The Boat of a Million Years by Poul Anderson
Poul Anderson’s millennia-spanning epic The Boat of a Million Years (1989) follows the lives of several unusual human beings starting from a few hundred years before the birth of Christ and ending sometime in the far future.
For some unknown reason, these folks are essentially immortal, not appearing to age past 25 years old and remaining fertile forever. They heal quickly and are immune to disease, though they can be killed by accident or murder.
The problem is that these few immortal people, who are born at different times in different parts of the world, do not know each other and each assumes he or she is the only immortal person alive. Living forever is not a lot of fun when everyone around you eventually dies, including your friends, lovers, and children. When this goes on for hundreds of years, it gets pretty depressing. Besides that, if anyone notices that you don’t age, you get accused of witchcraft, so you have to keep moving on.
One of our immortal friends, a man who we first know as Hanno when he’s born in 1000 BC, travels the world, rebranding himself as needed, searching for knowledge and for others like him. An Asian man named Tu Shan becomes a mysterious spiritual leader in Tibet. Patulcius, a Roman, finds it advantageous to be a low-level bureaucrat with control over the records. A woman named Aliyat finds that prostitution is the best business for a woman who never ages, and a black woman named Corinne lives as a servant until society advances enough to give her other options.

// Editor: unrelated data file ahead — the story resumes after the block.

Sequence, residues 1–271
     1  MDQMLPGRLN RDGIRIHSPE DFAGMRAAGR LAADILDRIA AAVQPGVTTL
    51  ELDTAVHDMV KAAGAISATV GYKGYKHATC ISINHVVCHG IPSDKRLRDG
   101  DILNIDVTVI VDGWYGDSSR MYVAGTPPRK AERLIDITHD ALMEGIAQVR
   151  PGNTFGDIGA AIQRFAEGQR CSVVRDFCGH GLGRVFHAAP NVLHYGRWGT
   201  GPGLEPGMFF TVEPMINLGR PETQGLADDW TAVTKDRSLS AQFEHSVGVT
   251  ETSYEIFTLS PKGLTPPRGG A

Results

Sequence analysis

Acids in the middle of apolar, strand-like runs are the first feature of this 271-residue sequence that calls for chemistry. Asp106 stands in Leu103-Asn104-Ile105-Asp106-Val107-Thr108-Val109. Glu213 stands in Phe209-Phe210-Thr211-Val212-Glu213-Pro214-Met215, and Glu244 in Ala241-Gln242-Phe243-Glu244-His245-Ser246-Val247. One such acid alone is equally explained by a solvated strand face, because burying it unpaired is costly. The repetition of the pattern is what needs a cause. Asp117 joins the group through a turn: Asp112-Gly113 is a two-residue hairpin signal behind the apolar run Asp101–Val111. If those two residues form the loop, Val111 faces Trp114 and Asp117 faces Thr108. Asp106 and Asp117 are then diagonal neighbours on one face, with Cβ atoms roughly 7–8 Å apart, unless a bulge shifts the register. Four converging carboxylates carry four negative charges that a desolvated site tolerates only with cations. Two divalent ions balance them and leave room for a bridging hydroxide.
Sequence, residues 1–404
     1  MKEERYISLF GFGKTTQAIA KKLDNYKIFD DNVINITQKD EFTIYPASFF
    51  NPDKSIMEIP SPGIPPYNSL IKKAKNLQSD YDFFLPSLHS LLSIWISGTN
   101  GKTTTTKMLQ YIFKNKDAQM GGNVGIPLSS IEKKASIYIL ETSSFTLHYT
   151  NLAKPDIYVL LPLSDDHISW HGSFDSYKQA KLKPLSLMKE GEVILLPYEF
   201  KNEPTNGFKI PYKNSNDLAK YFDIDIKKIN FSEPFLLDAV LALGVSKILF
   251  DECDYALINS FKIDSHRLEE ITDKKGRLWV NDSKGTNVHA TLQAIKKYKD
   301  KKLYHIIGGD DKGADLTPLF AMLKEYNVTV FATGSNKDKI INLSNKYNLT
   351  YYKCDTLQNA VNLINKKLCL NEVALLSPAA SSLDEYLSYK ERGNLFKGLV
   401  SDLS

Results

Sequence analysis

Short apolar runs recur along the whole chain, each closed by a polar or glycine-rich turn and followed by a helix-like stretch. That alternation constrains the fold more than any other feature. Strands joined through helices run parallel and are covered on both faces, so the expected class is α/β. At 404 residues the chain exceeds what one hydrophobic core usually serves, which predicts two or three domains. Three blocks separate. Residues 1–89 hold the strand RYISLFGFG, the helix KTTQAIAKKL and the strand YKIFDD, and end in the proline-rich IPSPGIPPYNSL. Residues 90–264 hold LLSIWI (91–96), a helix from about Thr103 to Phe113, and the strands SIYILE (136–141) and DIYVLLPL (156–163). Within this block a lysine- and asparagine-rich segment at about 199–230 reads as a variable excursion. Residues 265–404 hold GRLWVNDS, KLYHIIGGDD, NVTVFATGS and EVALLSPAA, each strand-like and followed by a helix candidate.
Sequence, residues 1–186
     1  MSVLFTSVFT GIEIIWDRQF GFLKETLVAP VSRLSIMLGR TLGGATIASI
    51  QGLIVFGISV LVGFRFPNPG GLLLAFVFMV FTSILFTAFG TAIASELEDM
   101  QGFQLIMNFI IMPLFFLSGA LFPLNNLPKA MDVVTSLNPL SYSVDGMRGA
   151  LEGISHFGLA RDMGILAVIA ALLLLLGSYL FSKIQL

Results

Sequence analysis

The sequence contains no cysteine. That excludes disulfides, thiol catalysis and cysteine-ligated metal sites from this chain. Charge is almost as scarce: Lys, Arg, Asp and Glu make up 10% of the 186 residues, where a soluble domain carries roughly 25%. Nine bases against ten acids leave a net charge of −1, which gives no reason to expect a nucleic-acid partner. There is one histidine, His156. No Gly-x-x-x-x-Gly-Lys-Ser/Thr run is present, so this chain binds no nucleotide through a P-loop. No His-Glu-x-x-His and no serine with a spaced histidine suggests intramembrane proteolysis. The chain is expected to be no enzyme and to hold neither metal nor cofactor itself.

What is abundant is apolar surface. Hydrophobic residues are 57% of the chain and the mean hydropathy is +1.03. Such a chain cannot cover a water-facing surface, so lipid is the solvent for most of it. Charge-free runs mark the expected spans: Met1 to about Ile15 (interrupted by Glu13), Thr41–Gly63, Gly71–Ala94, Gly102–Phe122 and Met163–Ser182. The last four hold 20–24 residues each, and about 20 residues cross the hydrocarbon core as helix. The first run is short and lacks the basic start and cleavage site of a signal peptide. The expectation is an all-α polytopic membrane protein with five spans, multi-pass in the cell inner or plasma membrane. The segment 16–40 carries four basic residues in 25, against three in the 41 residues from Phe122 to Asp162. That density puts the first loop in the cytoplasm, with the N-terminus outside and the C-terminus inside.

We don’t get to know these people very well, but as they carefully navigate their world, we get to travel with them, exploring the Earth, meeting famous historical figures, witnessing important world events. We live through wars (so many wars!), famines, and pandemics. We see how poorly women and minorities have been treated throughout history. We see societies and cultures gradually change.
Eventually we arrive in the modern world and speculate about the science behind immortality, the evolution of the human species, post-humanism, and the consequences of longer lives (we’d progress so much!).
The Boat of a Million Years is epic in scope, episodic in nature, and our viewpoint feels far off, yet the message is deeply personal. More than life itself, humans crave long-lasting relationships with other humans, and the loss of these relationships are detrimental to mental health.
The Boat of a Million Years was nominated for, but did not win, the Hugo, Nebula, Locus, and Prometheus Awards.
I listened to Tantor Audio’s recently published edition which is 24.5 hours long and excellently performed by Keith Sellon-Wright.